Overworked and Unsafe: A Comparison of Driving Behaviour and Safety Culture According to Driver Types and Working Hours
Keywords:E-hailing, Taxi, Driving Behaviour, Safety Climate, Working Hours, General Linear Model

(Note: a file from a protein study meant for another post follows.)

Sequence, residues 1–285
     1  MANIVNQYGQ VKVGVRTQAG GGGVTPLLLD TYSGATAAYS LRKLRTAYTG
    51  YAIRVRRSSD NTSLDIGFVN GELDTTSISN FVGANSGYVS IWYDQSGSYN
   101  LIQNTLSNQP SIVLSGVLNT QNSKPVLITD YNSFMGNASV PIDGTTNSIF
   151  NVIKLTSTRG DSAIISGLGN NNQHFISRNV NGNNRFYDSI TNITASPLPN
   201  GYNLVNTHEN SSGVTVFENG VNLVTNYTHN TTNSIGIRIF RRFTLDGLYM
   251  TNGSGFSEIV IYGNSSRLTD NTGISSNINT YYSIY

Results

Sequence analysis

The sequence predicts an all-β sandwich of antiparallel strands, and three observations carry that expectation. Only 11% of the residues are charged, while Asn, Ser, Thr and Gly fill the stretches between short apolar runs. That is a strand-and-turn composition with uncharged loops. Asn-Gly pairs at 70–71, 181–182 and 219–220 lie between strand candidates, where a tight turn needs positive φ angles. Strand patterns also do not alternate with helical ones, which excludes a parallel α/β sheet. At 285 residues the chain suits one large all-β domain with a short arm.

Much debate on e-hailing and ride-sharing has been focused on the legality of their services, with systematic investigation into the differences in the perception, attitude, behaviour, and working hours among the drivers has only been marginally explored. This study addresses this gap using data from a survey of 80 drivers (Taxi: n = 40; E-hailing: n = 40). The Manchester Driver Behaviour Questionnaire (MDBQ) and the Safety Climate Questionnaire (SCQ) scores revealed that the e-hailing drivers reported a significantly higher safety climate perception than taxi drivers but no significant difference was obtained for unsafe driving behaviour. Age was a significant covariate only for safety climate perception. In terms of working hours, the results demonstrate that: (i) drivers who worked less than 12 hours per week reported significantly more unsafe driving behaviour than those who worked between 13 to 36 hours and 61 hours or more; (ii) drivers who worked less than 12 hours per week reported more positive safety climate perception compared to those who worked 61 hours or more; and (iii) drivers who worked between 13 to 36 hours had significantly higher safety climate perception scores than those who worked 61 hours or more. Further general linear model analyses showed a significant main effect of hours worked and an interaction effect of driver types and hours worked on unsafe driving behaviour scores. No main and interaction effects were found for safety climate perception scores. Possible explanations of the results and the implications of the study are discussed within the limitations of the data. Recommendations for addressing future trends in shared mobility are also offered.
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